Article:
The world is more interconnected than ever before. It’s getting easier and easier for businesses to trade overseas, and as such, recent years have seen a surge in demand for international insurance solutions that can protect companies with foreign exposures.
One solution that insureds can consider is financial interest coverage, a tool designed for multinational companies to provide coverage for liability exposures held by foreign subsidiaries, joint ventures or other affiliates of the parent company. It is typically offered via admitted controlled master programs or non-admitted global policies for US clients.
“Financial interest coverage started to be offered more regularly in the marketplace in the last five to 10-years,” said Elliott Foster (pictured), managing counsel at Travelers, which includes financial interest coverage automatically through its Global Companion Plus+ product for US firms with foreign exposures. “The coverage was created in response to a gap that was created by other countries saying: ‘'If you want to provide coverage to someone in our country, you have to have locally admitted or licensed insurance.’”
While the product has been available for over a decade, carriers still take vastly different approaches to their offerings. There is no standardization in terms of who is covered, what is covered, and how much coverage is available, making financial interest a somewhat tricky solution for insureds and brokers to navigate.
That’s why Travelers relaunched its Global Companion Plus+ product in January 2021, with brand-new features including: a separate $1 million limit for financial interest coverage, global panel counsel service, primary foreign voluntary workers’ compensation, and emergency evacuation coverage. Travelers “put a lot of thought” into the latest iteration of the controlled master program, Foster noted, in order to “resolve questions that are often left unanswered” by other markets.
“We fixed five common pain points [relating to] financial interest insurance,” Foster told Insurance Business. “Firstly, we’ve created a separate limit, so our insureds know exactly how much coverage they have. Regarding ‘who’ is covered, there are often questions around: ‘Is this just for foreign subsidiaries, or would it cover joint ventures and affiliates?’ Travelers’ Global Companion Plus+ makes that very clear, and it’s a pretty expansive solution. As far as ‘what’ is covered, some policies are unclear around: ‘Does it just mean loss? Will it also cover defense expenses or supplementary payments?’ Again, the Travelers product makes that clear, and it covers all of those items.
“There are two other things that are very important. One question that foreign entities have is: ‘Who will defend us [legally]?’ It is sometimes unclear in a standard offering, but Travelers has developed a panel counsel list, so we can refer our clients to in-country vetted law firms that can defend their subsidiary or their interests. The last item is taxes. When money gets sent across borders, and it's just from a parent to a subsidiary, sometimes taxation applies or other assessments against financial infusion, and Travelers has express wording that says: 'For those unexpected taxes you might incur that result from a financial interest payment, those are included in the coverage.'”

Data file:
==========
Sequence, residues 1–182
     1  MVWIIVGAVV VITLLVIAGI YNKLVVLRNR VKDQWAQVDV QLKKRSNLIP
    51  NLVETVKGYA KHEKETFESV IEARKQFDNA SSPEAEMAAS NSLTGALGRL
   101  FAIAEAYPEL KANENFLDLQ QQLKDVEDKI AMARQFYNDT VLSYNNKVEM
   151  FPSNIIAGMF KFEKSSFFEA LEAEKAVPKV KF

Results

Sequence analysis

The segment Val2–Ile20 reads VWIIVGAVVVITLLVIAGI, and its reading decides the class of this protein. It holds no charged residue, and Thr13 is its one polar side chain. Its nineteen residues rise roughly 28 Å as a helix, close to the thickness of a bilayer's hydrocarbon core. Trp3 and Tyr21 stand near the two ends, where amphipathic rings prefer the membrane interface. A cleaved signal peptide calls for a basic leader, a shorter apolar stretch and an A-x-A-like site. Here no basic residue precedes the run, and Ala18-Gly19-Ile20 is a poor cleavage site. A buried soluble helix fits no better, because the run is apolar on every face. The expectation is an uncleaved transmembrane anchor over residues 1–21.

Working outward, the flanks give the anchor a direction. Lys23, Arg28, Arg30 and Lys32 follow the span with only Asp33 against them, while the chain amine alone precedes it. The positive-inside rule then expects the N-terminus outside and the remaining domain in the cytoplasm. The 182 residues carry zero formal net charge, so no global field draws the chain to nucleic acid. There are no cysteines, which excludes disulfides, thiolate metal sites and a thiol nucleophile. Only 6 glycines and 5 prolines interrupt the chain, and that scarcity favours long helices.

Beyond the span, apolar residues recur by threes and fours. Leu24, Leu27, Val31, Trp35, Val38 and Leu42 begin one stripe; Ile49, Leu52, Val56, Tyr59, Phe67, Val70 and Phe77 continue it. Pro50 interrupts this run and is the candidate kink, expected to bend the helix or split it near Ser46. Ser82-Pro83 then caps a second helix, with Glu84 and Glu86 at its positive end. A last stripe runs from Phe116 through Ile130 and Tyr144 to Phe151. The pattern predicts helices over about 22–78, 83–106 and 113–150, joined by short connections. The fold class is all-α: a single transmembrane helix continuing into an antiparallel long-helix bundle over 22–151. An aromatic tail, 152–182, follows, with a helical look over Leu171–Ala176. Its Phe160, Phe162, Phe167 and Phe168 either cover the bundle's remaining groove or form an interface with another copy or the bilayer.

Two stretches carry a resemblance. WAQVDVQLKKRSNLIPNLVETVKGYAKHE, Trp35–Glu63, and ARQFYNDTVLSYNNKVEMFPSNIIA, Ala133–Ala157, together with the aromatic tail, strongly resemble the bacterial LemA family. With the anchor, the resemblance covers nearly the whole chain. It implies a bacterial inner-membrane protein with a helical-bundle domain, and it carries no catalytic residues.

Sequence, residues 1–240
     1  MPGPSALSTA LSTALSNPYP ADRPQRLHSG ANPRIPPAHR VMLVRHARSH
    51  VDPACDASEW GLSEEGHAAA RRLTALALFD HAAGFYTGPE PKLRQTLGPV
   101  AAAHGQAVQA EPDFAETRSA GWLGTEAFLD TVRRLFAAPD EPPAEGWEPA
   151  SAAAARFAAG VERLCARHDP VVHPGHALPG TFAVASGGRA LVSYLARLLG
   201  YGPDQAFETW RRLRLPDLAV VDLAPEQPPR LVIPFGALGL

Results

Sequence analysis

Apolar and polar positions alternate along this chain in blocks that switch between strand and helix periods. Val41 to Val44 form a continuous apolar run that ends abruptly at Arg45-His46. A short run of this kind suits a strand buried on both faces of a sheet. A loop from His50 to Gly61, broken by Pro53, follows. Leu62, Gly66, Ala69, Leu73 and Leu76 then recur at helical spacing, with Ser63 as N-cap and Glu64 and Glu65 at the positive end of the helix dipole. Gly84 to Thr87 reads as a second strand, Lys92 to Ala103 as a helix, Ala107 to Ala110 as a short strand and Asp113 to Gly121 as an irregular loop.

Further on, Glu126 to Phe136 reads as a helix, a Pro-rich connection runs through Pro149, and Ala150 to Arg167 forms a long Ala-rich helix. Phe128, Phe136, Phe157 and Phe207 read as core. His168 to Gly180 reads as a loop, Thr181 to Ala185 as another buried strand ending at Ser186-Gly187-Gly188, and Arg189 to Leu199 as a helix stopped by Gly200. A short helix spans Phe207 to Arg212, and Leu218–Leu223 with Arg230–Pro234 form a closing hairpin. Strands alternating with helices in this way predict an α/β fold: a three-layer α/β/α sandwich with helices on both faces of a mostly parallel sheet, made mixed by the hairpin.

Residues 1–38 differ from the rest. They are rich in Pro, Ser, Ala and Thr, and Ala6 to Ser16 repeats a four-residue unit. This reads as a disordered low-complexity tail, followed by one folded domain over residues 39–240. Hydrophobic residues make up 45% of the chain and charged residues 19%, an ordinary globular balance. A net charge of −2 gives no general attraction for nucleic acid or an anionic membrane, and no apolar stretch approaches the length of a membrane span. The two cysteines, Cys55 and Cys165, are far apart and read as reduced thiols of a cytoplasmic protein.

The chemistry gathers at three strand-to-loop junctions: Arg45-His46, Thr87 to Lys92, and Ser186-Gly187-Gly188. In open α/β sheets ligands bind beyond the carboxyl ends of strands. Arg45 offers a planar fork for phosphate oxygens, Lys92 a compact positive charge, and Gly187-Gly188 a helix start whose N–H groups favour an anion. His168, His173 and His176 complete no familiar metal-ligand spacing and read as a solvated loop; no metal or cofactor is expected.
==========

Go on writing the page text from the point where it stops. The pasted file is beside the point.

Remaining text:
Financial interest coverage is relevant for any company, regardless of size or sector, that has a foreign subsidiary, explained Darren Caspers (pictured below), assistant vice president, global at Travelers. But before making any coverage decisions, it’s important for insureds and brokers to understand the coverage requirements in the jurisdiction they’re operating in. Sometimes, financial interest coverage can be purchased in lieu of a local policy, but some countries require a local admitted policy to be in place. It can be a complex system to navigate.
“Each country is obviously different, but when there is a local subsidiary and they do purchase a local policy, this financial interest coverage is not intended to replace that local coverage; it's intended to enhance,” said Caspers. “There's often difference in conditions or difference in limits (DIC/DIL) coverage on the controlled master that that would come into play.”
Clients should always consult with insurance brokers, their legal and tax advisers to decide which set of solutions or combination of them is best for them, Caspers stressed.
He explained why: “International insurance programs can be complex and very difficult to implement, and so it's really a partnership between the broker, the client and the insurance carrier to determine what the needs are for the client. It really depends on the client's situation and which countries they’re in, but we advise insureds to always get advice from a global insurance broker when determining what coverages are needed for their international program.”